The father of an would-be terrorist accused of planning to blow up city subway cars was facing 40-years in prison — but now he’s facing even more time.
Federal prosecutors allowed Mohammed Wali Zazi, 56, to plead guilty to visa fraud in Brooklyn Federal Court on Oct. 21 after it was learned that he lied on his visa application to get into the United States.
Investigators learned that when Zazi came into the U.S. in 2006, he claimed that his nephew was his biological son — so the young man could come to the U.S. with him.
But that act of kindness bit Zazi in the butt: prosecutors called Zazi’s nephew to testify against Zazi’s biological son, Nejibullah Zazi, when the younger Pakistani immigrant was arrested for formulating his terrorist plot.
Federal prosecutors claim Nejibullah wanted to plant bombs made out of beauty supply chemicals in a number of New York train stations in 2009, but gave up his plan after he learned that the FBI was closing in on him.
The FBI learned that Nejibullah had sent e-mails to a contact in Pakistan wanting to know about the key ingredients needed for constructing his bomb. When Nejibullah was visiting New York City from Colorado, the FBI conducted a search of his car and discovered handwritten bomb-making notes.
He ultimately pled guilty to his crime and was sentenced to prison.
The nephew also testified against the elder Zazi, who prosecutors claim knew what his son was doing and warned his relatives not to mention his terrorist plot to anyone.
Zazi even told family members to swap the words “chemicals” to “medicine” when they talked to each other, fearing that the FBI was tapping their phones.
Zazi had also told family members to destroy all of the chemicals that his son had collected in his bomb plot, prosecutors claim.
Prosecutors say that Zazi is facing an additional six month’s for the visa fraud charge — but the defendant didn’t seem to concerned about it.
“After sentencing, I will give the whole story from beginning to end,” Zazi told the New York Daily News after court, refusing to give any more comments.
Testimony against a former Brooklyn South Narcotics cop charged with stealing drugs taken during police raids and planting them on innocent men and women took a twisted turn last week when the cop on trial was accused of demanding oral sex from his strung-out confidential informants.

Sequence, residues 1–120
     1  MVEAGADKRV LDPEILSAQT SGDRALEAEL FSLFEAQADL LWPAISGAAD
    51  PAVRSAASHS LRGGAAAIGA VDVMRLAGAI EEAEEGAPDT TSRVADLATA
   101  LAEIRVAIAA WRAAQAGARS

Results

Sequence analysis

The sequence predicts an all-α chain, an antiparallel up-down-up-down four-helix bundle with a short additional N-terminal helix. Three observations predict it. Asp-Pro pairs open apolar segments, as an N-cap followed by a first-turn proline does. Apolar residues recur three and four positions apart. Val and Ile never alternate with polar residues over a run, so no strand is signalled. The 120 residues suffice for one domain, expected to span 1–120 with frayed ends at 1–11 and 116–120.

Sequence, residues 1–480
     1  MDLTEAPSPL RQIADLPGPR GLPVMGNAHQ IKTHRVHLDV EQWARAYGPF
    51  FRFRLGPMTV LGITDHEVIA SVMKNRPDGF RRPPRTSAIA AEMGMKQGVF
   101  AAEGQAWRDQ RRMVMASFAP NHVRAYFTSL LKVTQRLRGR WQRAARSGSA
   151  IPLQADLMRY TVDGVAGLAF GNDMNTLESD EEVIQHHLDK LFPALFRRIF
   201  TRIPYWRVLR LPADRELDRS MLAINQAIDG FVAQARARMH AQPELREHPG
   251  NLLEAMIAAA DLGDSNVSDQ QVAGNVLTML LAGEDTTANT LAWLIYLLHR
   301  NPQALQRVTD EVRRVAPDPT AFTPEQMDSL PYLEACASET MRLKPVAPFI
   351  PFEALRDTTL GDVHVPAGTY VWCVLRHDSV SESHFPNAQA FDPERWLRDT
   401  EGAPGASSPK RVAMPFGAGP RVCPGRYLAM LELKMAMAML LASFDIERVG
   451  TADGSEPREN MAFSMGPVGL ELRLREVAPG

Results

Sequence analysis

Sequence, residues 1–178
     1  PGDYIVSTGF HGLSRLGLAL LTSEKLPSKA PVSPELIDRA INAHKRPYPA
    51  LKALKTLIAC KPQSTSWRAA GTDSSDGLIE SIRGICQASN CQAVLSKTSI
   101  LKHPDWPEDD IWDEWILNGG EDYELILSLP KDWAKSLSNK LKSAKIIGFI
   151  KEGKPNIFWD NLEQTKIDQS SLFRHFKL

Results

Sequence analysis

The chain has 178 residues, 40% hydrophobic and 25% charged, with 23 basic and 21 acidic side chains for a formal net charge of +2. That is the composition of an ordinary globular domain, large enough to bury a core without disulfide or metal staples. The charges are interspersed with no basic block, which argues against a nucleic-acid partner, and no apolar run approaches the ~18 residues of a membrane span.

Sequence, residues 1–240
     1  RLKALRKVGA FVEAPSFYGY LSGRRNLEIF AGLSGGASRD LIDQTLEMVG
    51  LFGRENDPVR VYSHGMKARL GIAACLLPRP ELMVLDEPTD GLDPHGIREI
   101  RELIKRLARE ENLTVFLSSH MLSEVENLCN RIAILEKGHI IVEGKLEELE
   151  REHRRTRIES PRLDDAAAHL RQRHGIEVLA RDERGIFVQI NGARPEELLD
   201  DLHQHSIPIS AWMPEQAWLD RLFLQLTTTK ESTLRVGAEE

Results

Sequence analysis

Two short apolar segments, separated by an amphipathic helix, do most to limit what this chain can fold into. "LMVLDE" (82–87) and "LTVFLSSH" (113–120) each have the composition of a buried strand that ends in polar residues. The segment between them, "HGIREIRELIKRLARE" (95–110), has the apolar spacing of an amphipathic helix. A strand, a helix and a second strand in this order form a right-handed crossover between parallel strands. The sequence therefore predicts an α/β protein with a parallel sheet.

Taking the witness stand against embattled Police Officer Jason Arbeeny, Melanie Perez said that the cop had called her to his home, made her smoke drugs, then pulled down his pants and demanded to be pleasured.
“What was I going to do?” she said. “I did it.”
Arbeeny is one of eight undercover officers still to be tried in a ground-breaking shake up of the Brooklyn South Narcotics Unit in 2008. The team was put under the microscope when it was learned that Det. Sean Johnstone and Police Officer Julio Alvarez had “cooked the books” on drug seizures.
The duo executed a search warrant on an alleged drug dealer’s Coney Island home on Sept. 13, 2008, finding more than two dozen bags of cocaine. Later that day, Det. Johnstone was heard bragging that he and Alvarez had recovered 28 bags of cocaine, but only vouchered 17 of them. Johnstone wanted to use the rest of the cocaine to pay off informers, investigators alleged.
But his confession was completely accidental: he didn’t know that a wire he was wearing was still recording when he told another officer what he had done.
Prosecutors claim that Arbeeny showered his informants with drugs and participated in an ugly practice known as “flaking,” where drugs are planted on innocent victims to bolster arrest numbers.
Arbeeny’s trial continues this week, but Johnstone has already been tried and convicted earlier this year of one corruption charge — resulting in probation and losing his badge.Reach reporter Thomas Tracy at firstname.lastname@example.org or by calling (718) 260-2525.
©2011 Community News Group
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